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Rheumatic autoimmune diseases in women and midlife health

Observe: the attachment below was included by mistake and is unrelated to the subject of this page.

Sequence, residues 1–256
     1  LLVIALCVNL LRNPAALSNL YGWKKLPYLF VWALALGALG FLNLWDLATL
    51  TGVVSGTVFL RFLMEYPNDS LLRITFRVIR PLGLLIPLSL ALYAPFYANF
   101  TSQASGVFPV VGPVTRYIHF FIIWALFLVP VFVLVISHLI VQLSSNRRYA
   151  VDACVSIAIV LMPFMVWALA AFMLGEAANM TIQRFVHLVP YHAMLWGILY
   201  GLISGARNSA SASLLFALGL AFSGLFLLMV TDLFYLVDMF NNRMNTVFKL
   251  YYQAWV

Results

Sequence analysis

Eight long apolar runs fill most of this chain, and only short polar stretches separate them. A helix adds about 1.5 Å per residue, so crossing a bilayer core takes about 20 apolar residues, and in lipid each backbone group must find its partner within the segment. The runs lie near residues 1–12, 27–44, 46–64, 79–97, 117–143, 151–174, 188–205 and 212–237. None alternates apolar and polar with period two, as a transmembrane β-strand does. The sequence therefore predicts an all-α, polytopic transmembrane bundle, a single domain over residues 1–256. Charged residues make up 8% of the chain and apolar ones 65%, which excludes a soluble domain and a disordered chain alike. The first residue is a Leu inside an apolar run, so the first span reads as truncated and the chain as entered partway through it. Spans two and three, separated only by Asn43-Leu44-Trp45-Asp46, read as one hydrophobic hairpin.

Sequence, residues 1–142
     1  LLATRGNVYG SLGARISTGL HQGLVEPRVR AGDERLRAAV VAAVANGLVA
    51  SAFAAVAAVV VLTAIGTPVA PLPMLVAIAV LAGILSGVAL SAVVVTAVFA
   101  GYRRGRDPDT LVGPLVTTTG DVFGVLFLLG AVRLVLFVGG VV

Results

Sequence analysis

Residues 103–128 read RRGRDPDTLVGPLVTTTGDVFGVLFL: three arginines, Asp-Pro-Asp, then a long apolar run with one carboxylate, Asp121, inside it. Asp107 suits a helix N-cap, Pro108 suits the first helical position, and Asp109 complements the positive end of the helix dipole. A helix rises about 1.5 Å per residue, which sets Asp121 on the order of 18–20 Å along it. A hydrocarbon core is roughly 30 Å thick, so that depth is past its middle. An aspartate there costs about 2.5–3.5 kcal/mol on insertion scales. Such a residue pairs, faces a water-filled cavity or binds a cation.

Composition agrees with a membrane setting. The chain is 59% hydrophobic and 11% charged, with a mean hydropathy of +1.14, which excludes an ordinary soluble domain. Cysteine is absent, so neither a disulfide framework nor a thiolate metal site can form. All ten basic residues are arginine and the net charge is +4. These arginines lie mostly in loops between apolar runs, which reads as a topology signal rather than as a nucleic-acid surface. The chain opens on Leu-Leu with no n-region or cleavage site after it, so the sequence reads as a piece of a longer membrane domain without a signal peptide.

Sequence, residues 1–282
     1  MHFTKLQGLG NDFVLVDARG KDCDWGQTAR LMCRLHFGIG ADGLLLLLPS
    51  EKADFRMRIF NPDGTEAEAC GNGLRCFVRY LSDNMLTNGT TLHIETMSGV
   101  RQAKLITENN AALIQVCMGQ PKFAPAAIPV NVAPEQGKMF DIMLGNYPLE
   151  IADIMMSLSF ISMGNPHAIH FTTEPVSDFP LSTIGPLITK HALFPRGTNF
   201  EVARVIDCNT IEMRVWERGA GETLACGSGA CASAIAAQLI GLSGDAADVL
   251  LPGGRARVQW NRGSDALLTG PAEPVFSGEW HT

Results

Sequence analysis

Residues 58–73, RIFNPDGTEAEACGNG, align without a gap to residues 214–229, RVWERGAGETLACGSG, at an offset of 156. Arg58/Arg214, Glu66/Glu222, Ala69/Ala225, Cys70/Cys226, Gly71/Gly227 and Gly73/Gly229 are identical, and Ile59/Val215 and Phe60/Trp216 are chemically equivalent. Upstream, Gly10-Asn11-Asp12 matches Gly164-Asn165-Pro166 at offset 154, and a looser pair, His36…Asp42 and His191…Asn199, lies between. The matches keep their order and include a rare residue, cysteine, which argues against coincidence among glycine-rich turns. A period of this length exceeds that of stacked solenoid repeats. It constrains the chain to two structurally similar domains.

Autoimmune diseases such as systemic lupus erythematosus (SLE), rheumatoid arthritis (RA), and systemic sclerosis (scleroderma) preferentially affect women, and are characterized by systemic inflammation leading to target organ dysfunction. The public health burden of autoimmune diseases, which collectively represent a leading cause of morbidity and mortality among women throughout adulthood, is substantial. While some features of these diseases have been observed to improve over the menopausal transition, such as disease flare rate in SLE and skin softening and thinning in scleroderma, others, such as swollen and tender joints and radiographically confirmed damage in RA may worsen. The general trends, however, are not consistent or conclusive for all disease-related manifestations. Of great importance is the recognition that comorbid diseases, including osteoporosis and accelerated cardiovascular disease, contribute excess morbidity and mortality that becomes increasingly apparent as women with autoimmune diseases undergo the menopausal transition.